With a blink of an eye, my time in Spain has come down to a month, 30 days to be exact. Insane! How do I feel? Well, I’m not too sure. Mixed emotions is the best way to describe it. When you’ve been away from home for four months, you start getting the jist of how things work in your new environment. You build relationships with people, eat great food, and improve tremendously in a language you thought you had all figured out.
During my time here, I’ve certainly gotten accustomed to going to school for four days a week, heading to the beach after class, napping during Siesta, eating lots of bocadillos and saying “vale” (okay) when necessary. I didn’t think I would be able to feel so at home in a place thousands of away from my actual home in Pennsylvania.
Looking back at my first few months, I didn’t think I’d be able to make it past the many obstacles I faced. The biggest of them all was asking for help. Being the shy person that I am, I like to think that I’ve mastered the best ways to avoid conversations with strangers when I feel lost. If I have a question about directions when traveling, I depend on my phone or try to memorize where I have to go beforehand. But, sometimes theres no wifi or enough battery life to surf the internet. So, as you might’ve guessed, I was forced to ask for help. And when you ask for help, you get over the fear and it kind of becomes second nature. I’ve met many people from all over Europe in different stages of life by simply asking for help.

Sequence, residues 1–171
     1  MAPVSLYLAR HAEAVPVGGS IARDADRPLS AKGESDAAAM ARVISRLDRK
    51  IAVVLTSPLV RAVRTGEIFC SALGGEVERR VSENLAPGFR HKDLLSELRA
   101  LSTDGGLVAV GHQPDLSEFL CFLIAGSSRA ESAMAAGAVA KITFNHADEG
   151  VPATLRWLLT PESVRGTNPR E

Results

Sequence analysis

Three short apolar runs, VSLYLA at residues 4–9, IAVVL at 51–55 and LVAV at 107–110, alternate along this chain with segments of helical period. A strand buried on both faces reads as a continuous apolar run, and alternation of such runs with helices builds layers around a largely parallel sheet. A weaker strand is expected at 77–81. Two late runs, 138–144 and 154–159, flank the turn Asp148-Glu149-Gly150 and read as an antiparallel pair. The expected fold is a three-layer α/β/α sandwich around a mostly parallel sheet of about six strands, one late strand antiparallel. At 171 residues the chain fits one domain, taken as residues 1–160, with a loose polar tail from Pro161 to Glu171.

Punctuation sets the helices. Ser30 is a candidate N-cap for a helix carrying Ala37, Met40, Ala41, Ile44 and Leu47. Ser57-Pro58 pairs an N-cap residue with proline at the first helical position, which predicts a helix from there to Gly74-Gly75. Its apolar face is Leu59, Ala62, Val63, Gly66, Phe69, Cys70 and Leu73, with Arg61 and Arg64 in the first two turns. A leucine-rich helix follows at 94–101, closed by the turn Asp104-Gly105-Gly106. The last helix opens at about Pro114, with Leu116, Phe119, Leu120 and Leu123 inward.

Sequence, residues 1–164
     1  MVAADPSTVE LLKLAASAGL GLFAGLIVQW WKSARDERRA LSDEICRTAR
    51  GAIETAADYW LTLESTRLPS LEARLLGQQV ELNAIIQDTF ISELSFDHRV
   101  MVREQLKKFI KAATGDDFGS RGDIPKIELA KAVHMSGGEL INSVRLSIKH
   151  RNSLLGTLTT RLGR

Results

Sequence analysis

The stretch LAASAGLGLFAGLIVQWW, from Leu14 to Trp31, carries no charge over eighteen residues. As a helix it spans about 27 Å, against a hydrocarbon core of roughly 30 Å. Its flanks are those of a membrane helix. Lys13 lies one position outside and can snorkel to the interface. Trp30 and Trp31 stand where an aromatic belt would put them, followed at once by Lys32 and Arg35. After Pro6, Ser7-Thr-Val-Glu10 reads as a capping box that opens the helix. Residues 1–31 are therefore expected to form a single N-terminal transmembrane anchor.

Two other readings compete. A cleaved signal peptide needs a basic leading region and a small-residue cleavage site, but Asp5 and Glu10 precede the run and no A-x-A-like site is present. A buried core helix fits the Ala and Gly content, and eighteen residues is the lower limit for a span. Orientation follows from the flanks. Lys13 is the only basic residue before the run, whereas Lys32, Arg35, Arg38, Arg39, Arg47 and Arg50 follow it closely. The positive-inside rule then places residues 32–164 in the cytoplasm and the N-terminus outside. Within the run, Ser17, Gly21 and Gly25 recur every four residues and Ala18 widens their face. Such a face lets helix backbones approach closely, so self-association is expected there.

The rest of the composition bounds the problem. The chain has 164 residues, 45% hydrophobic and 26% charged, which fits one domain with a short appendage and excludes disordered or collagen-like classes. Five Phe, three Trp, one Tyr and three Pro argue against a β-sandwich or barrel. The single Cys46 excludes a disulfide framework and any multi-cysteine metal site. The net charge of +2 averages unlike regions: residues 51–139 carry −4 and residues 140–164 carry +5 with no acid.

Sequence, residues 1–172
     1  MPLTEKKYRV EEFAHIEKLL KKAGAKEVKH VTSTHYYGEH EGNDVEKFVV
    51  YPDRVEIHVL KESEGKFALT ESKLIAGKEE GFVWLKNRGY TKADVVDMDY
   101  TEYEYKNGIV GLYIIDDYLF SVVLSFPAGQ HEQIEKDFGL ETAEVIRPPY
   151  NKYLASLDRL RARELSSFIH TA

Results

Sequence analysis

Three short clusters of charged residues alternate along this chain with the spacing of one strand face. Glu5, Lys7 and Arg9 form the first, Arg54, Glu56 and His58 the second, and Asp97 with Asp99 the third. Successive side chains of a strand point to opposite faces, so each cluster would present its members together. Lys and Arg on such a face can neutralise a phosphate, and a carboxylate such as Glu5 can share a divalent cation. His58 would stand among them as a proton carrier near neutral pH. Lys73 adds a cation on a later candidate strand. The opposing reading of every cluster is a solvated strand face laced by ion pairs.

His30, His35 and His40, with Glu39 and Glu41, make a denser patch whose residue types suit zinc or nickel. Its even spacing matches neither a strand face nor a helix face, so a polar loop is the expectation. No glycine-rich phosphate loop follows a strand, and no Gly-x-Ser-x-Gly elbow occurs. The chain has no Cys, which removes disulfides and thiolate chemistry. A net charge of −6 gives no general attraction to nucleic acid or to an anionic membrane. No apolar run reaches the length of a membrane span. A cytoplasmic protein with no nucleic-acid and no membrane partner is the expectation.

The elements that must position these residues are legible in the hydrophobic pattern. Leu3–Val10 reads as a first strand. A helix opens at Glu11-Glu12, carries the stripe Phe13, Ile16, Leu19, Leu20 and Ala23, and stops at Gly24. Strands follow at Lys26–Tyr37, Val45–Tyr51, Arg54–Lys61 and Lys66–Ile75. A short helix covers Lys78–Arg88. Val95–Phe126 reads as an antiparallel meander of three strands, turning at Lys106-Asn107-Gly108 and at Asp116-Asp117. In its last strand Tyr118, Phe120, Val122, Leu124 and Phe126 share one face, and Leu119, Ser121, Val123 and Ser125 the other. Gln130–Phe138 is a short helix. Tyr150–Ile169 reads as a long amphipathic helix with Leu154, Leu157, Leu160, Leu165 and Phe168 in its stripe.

Living in Spain has also made me slow down my pace. Before this semester, I was able to juggle my five courses, three jobs, and still find enough time to spend with my friends and the gym. I look back at this, and still wonder how I managed to stay sane. In Spain, however, I don’t do much but travel and go to my two classes. The culture here is very laidback compared to the states. It’s definitely made me look at life differently. It’s taught me that even though I’m young and working towards my career, I shouldn’t let that take over my entire life. I should always find time for myself and simply relax or meditate.
Oh, and one thing I’m really grateful for are all the animals! Because Alicante is such a touristy place, a lot of retired people from all over Europe like to move to Alicante for the weather, and many of them have dogs – lots of them. So where ever I walk in the city I’m bound to see an old lady walking her dog. At the University there’s also a duck pond and just recently a duck laid eggs so there’s about 10 ducklings roaming campus right now. It’s the cutest thing ever!
Although this was a short blog, I hope you have a somewhat general idea of how I feel about my study abroad so far. With one more month left I hope to do so much more!